I would make more money a month then what the principle costs me a month ? I think I am going to pay off my mortgage. I would like to here others peoples opinions on this. P.S. I have no credit card debt live with in my means except for the nice vacation I am taking soon

  • Report this Comment On July 06, 2011, at 8:05 AM, JCashForever wrote:

    Great advice.

    I agree with (1) and (2), but I have to comment on (3).

    I think (3) is a function of the mortgage interest rate. For argument sake, suppose that the interest rate on the mortgage was 0%. Would I try to pay off the note early? No, at the very least, I'd put the extra money in the bank to earn whatever interest it could, knowing that I'm coming out ahead.

    On the flipside, suppose the mortgage interest rate was 50%. Would I try to pay it off early? Yes, because the interest rate is higher than what I could reasonably expect to make in other investments.

    In today's mortgage environment, where a 30-year fixed mortgage can be had for less than 5%, I think it is reasonable to allocate the extra money towards investment instead of paying down the mortgage early. For example, a reasonably conservative portfolio in stocks should produce an average return of more than 5% per year over 30 years.

    If you're philosophically/morally opposed to debt, then by all means pay down the mortgage early, but the rational bottom line is that (3) makes sense only in certain interest rate environments. I would hesitate to make it a hard-and-fast rule.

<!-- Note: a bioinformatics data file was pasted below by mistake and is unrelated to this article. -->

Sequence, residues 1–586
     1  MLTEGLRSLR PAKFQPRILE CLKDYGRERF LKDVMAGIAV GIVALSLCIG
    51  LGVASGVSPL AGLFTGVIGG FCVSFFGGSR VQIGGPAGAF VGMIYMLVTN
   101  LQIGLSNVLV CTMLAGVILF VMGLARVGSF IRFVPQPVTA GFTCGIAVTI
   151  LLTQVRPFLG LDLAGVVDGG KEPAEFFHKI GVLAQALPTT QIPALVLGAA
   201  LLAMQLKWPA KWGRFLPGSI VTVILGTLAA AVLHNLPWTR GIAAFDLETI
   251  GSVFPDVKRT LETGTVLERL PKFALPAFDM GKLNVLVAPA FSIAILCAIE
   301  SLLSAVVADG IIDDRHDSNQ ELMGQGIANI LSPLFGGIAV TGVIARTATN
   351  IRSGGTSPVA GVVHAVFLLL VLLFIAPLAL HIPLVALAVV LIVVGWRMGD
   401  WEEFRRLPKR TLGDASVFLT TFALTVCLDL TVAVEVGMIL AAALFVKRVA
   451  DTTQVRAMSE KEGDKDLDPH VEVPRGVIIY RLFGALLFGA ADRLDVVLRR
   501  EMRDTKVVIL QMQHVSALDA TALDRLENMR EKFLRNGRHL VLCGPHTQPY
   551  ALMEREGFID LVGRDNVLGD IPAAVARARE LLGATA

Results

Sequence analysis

• Report this Comment On July 06, 2011, at 2:29 PM, AskJune wrote:

    I think it depends on want you want ultimately and how much risk you're willing to take. Actually "owning" your home provides mega peace of mind. If a retireee could eliminate that big bill during retirement, the numbers typically crunch much better from a financial planning standpoint. Of course, this advice depends on the proximity to retirement and if you plan to remain in that home during retirement. The markets always carry risk, but the reward can be great. Your choice!

  • Report this Comment On July 06, 2011, at 5:24 PM, Gregeph wrote:

    I would add learn to value a business and then resolve to exercise patience and look for opportunities where you can buy a good business for a cheap price. It's sound easy, but like anything else of value, it requires hard work and discipline.

    Buy a few good businesses at a good price and then hold on while they compound. If you're investing in a taxable account, you'll benefit from a free loan from the government in the form of deferred taxes.

    Don't waste more of your precious time on unproven short-term strategies. This is the way to create wealth. My blog on intelligent investing is focused on the necessary skills you'll need to master.